The next issue is whether Ragen's direct damage award is supported by evidence in the record. It is Ragen's burden to prove losses and that it is entitled to recover for them. DeMarines v. KLM Royal Dutch Airlines, 580 F.2d 1193, 1200 (3d Cir.1978) and Lindevig v. Dairy Equip. Co., 150 Wis.2d 731, 442 N.W.2d 504 (App.1989). "Whether a party has sustained its burden of proof is a question of law which we review de novo." Lindevig, 442 N.W.2d at 505. "In cases of a breach of warranty, the established measure of damages is the difference between the actual value of the property and the value if as warranted." Mulvaney v. Tri State Truck & Auto Body, Inc., 70 Wis.2d 760, 235 N.W.2d 460 (1975).8 "Where damages are susceptible of precise proof, or of estimation by those having knowledge, or are capable of proof with certainty, such proof must be adduced." Maslow Cooperage Corp. v. Weeks Pickle Co., 270 Wis. 179, 70 N.W.2d 577, 583 (1955), quoted in Lindevig, 442 N.W.2d at 507. "Damages ... need not be proven with absolute certainty, but the claimant must produce sufficient evidence ... on which to base a reasonable inference as to a damage amount." Lindevig, 442 N.W.2d at 508.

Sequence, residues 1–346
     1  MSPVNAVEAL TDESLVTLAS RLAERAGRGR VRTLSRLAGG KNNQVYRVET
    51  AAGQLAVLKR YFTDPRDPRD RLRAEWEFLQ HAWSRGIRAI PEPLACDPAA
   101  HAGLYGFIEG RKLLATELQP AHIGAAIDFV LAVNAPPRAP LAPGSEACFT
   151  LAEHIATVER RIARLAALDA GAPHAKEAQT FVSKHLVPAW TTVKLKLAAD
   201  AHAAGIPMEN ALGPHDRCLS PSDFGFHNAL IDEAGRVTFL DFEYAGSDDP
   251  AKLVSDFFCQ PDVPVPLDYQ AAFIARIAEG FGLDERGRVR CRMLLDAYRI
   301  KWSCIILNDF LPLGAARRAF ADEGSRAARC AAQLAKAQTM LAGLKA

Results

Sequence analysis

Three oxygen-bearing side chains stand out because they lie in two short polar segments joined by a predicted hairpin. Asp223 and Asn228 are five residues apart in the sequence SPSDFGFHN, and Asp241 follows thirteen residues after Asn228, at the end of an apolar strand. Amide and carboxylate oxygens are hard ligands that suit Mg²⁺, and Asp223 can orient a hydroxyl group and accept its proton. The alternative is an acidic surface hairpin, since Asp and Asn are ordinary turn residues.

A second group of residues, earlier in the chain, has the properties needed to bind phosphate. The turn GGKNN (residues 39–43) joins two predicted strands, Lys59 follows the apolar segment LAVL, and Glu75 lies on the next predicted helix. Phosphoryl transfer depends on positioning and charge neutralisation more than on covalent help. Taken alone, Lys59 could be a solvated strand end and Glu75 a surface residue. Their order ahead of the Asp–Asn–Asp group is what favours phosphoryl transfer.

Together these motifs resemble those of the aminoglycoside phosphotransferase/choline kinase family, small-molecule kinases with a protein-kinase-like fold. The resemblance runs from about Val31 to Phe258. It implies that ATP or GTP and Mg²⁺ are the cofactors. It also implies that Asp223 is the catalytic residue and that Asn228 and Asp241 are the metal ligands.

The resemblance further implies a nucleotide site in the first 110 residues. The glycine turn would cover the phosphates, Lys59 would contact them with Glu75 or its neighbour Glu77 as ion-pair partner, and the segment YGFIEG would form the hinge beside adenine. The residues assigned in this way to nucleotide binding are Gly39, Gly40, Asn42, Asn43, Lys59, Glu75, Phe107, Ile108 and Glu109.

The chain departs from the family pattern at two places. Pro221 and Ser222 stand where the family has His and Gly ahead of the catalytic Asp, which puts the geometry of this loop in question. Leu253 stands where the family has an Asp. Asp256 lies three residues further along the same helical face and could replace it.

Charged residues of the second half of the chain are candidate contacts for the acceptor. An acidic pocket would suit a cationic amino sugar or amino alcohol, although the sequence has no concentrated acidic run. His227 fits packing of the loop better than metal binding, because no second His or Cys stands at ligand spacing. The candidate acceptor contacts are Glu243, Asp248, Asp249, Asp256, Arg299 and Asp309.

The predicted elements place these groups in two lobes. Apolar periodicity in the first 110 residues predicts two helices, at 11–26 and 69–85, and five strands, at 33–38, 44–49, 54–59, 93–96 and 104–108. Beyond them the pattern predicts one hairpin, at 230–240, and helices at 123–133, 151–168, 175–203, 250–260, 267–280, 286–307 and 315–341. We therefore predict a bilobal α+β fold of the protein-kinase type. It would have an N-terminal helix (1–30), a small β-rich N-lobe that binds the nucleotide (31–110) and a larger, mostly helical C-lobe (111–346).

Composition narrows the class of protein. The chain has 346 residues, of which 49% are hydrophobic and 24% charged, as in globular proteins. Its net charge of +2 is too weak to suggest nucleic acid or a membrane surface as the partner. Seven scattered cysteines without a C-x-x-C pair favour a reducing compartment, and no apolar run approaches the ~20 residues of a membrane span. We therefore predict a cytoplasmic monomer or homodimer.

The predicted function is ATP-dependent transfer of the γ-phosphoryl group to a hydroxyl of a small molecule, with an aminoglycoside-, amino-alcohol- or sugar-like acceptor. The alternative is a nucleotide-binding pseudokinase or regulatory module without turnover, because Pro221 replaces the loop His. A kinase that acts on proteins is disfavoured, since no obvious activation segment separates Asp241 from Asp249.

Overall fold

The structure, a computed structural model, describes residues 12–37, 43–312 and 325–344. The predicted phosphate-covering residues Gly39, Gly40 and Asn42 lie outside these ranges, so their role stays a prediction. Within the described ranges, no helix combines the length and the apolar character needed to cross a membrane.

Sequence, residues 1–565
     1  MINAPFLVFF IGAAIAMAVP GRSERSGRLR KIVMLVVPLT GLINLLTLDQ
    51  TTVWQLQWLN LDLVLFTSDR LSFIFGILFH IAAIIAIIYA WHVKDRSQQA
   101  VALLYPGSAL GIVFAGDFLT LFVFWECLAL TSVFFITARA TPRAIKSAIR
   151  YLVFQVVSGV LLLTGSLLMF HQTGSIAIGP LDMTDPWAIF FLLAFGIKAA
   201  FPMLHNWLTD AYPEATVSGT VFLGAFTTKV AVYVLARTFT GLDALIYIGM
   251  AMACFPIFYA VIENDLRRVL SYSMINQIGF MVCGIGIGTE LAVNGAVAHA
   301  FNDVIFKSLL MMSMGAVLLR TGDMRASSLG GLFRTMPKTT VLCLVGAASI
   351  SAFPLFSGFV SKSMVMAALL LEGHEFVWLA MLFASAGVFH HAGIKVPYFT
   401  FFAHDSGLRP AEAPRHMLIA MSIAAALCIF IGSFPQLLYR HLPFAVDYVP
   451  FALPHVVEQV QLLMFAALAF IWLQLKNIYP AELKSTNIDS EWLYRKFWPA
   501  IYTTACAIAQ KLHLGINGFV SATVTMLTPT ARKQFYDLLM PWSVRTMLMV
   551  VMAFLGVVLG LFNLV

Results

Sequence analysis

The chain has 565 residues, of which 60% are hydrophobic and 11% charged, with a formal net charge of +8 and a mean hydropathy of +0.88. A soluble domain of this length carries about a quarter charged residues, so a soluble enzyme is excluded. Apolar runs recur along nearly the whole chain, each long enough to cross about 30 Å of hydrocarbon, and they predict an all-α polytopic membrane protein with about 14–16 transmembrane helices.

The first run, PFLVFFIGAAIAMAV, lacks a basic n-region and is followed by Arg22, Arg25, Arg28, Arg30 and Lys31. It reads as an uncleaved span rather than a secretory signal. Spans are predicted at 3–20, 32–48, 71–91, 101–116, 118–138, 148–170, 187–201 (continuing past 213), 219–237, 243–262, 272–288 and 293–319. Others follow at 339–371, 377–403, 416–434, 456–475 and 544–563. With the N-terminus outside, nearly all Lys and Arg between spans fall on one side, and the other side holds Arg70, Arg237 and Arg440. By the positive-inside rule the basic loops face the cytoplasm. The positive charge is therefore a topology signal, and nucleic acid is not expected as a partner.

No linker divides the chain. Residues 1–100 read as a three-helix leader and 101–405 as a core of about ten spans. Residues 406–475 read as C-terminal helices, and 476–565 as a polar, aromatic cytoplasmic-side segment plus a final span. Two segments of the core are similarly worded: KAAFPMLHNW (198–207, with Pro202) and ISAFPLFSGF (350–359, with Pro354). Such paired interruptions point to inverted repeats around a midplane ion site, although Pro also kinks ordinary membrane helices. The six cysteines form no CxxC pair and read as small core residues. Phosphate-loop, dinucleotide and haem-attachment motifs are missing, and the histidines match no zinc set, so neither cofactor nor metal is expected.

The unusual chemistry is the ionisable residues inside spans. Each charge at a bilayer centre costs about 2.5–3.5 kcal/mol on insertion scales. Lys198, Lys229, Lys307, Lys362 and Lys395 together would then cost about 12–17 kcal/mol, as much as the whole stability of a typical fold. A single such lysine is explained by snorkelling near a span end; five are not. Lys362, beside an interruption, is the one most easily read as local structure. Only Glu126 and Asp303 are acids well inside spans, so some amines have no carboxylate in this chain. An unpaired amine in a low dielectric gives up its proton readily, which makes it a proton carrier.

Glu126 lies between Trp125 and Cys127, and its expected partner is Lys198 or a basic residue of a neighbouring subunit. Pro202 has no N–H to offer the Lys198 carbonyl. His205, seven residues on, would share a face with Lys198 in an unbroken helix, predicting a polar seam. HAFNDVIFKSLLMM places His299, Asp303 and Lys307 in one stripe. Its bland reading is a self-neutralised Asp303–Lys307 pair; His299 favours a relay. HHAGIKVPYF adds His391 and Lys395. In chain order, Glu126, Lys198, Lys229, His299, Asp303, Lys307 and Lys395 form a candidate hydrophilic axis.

Ragen produced evidence of the purchase price of the machines, the average up-time of the machines and the average up-time of similar machines in the industry. The question is whether upon this evidence the court could base a reasonable inference as to actual value. We conclude that it could not. The district court found that Ragen failed to submit any proof as to the actual value of the MM800s. The court then, using the evidence that was submitted, awarded Ragen damages based on a formula it created, which measured the value of the MM800s as a direct function of the difference between the machines actual up-time and the industry up-time. Although the actual value of a machine may be a function of the amount of time a machine is operational, actual value cannot be solely dependant on this factor. Thus, the judgment on direct damages must be reversed and judgment entered in favor of K & T unless Fed.R.Civ.P. 50(b) requires that we remand.9 We have previously held that the rule has no application where, as here, there is no jury trial. Hunter-Wilson Distilling Co. v. Foust Distilling Co., 181 F.2d 543, 546 (3d Cir.1950). Accordingly, we will reverse the district court's judgment on direct damages and direct the district court to enter judgment in favor of K & T.